Lundqvist, a finalist for the Hart Trophy as the NHL's most valuable player in the regular season, hadn't given up more than three goals in a game this postseason. He gave up four – three in the first 9:49. A rebound by a guy left wide open in front. A redirection off a New York player’s skate. A shot off the wing he usually stops easily.
The way the pucks were leaking in, did he question anything at that point?
"My luck, maybe," he said with a little laugh.
The Rangers insisted their start wasn't as bad as it looked. They said the pucks just went in. Maybe they're right.
And they did carry the play for the last 10 minutes of the first period and the full 20 minutes of the second, pinning the Devils in their zone on the forecheck, as New Jersey had done to New York for much of the series.
The Rangers got on the board late in the first. They got a break in the second, when a puck went off the left leg of captain Ryan Callahan and the league ruled it wasn't kicked in. They almost tied it later in the second, when a Callahan shot might have hit the left post and scooted across the goal line. At the very least, it definitely hit the right post and nearly banked in off Devils defenseman Bryce Salvador.
But maybe that dominance was really a function of the score. The Rangers were desperate, and the Devils, though they didn't try to sit back, didn't push quite as hard as they had before.
"When you get that type of lead, your mindset changes just a little bit, and that's all it takes – a fraction," DeBoer said. "You're a step slow on the forecheck. 'Maybe I shouldn't be going here.' And then you're in between. And then you get caught. So I think that's what happened. It was just a slight change of mindset."
The Rangers tied the game 17 seconds into the third when they got another break. Devils goaltender Martin Brodeur went out to his right to play the puck, but it drifted just outside the trapezoid. He couldn't touch it. As he retreated, Rangers winger Marian Gaborik fired the puck at him. The puck ricocheted off Brodeur, off a goal post, off his left skate and in.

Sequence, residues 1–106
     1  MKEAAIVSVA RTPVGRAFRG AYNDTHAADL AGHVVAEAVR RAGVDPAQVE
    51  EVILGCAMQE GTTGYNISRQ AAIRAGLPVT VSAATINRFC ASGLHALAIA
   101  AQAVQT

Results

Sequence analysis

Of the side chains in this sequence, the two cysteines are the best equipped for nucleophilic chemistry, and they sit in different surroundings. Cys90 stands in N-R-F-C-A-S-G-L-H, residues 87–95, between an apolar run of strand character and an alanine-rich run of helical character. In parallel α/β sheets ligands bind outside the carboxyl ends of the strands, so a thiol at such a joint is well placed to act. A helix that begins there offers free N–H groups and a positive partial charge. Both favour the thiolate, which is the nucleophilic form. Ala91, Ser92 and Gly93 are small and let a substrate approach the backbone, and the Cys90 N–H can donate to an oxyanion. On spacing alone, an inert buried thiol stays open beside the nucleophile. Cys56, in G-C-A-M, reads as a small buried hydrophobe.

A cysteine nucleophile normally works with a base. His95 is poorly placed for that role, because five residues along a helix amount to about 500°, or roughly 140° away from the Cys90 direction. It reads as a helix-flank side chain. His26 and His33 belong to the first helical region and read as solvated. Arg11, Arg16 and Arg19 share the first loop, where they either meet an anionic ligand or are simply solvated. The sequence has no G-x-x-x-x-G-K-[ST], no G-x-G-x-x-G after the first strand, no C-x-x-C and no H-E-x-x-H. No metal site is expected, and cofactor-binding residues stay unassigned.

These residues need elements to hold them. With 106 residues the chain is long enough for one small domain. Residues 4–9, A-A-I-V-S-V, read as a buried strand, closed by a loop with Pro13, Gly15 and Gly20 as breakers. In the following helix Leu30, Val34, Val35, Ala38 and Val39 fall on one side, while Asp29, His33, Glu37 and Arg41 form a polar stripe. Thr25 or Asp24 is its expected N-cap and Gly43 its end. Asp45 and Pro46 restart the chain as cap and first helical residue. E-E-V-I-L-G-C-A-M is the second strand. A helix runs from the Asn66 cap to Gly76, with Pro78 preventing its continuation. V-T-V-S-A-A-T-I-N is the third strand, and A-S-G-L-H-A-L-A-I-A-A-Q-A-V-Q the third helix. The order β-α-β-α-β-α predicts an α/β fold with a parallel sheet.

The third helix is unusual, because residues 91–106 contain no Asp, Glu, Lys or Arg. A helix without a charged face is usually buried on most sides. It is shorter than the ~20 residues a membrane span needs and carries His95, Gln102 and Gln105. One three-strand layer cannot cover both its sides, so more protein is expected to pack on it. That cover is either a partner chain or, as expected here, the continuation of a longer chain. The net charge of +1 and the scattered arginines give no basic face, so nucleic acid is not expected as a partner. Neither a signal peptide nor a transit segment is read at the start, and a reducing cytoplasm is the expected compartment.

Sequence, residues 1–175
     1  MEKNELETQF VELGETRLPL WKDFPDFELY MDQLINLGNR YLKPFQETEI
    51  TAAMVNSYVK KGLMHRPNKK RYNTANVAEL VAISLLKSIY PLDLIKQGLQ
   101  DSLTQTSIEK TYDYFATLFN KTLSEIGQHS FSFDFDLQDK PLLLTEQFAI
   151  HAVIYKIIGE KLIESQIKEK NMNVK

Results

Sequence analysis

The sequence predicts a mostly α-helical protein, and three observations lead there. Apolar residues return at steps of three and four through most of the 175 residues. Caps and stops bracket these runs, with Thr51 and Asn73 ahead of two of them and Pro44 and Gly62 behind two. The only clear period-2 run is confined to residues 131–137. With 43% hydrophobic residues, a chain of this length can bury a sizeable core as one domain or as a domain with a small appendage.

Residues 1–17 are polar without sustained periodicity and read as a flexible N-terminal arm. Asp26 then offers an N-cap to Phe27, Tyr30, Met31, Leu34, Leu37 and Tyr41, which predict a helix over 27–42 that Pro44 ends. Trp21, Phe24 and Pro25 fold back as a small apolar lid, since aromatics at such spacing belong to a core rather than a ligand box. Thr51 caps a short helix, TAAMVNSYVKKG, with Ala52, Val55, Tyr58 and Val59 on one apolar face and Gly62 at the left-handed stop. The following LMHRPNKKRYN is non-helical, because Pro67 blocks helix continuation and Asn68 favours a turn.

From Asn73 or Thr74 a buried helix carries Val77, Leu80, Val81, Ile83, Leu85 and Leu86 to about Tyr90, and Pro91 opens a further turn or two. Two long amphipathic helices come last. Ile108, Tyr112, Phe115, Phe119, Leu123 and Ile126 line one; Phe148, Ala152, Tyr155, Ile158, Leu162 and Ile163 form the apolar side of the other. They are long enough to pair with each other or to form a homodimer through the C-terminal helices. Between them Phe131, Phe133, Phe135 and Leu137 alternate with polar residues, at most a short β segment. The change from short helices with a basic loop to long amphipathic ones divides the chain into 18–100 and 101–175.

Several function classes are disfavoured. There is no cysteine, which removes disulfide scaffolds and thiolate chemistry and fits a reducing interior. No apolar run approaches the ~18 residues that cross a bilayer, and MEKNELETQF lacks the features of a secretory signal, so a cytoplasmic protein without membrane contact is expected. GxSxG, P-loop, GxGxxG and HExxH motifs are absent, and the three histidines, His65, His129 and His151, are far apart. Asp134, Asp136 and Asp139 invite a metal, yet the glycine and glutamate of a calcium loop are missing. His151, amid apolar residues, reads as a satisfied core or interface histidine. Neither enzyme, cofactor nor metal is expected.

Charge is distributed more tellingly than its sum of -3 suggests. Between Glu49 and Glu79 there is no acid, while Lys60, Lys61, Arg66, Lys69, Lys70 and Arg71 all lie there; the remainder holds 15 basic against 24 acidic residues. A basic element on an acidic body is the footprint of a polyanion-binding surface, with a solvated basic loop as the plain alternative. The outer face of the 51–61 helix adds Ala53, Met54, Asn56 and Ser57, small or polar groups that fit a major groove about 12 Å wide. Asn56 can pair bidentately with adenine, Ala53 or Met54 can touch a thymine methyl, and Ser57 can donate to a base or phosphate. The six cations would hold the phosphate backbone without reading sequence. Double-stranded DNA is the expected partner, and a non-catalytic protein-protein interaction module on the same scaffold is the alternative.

"MAAARTY!" the fans chanted. "MAAARTY!"
It was deafening.
But when you push your luck, sometimes you run out of it. And when you leave yourself little margin for error, one breakdown can cancel out all the good things.
The game reset. The Rangers were less dominant. The Devils started skating again. Winger Ilya Kovalchuk came hard on the forecheck and knocked Rangers defenseman Michael Del Zotto off the puck in the right-wing corner. Devils winger Stephen Gionta grabbed the puck and passed it in front before taking a hit from Girardi, whose stick was high instead of on the ice, where it could have stopped the puck. Devils center Ryan Carter banged it home before Lundqvist could react.
For all their guts and resiliency, the Rangers were beaten in the end by the kind of play that has been biting them all series. "When we're playing well, that's what we're doing," said Devils captain Zach Parise. And when the Rangers aren't playing well, that's what they're doing.
"I wish it didn't end the way it did," Lundqvist said. "We did so many good things. I thought we had this one. But we came up a little short."
You wonder if he'll say the same thing at the end of the series.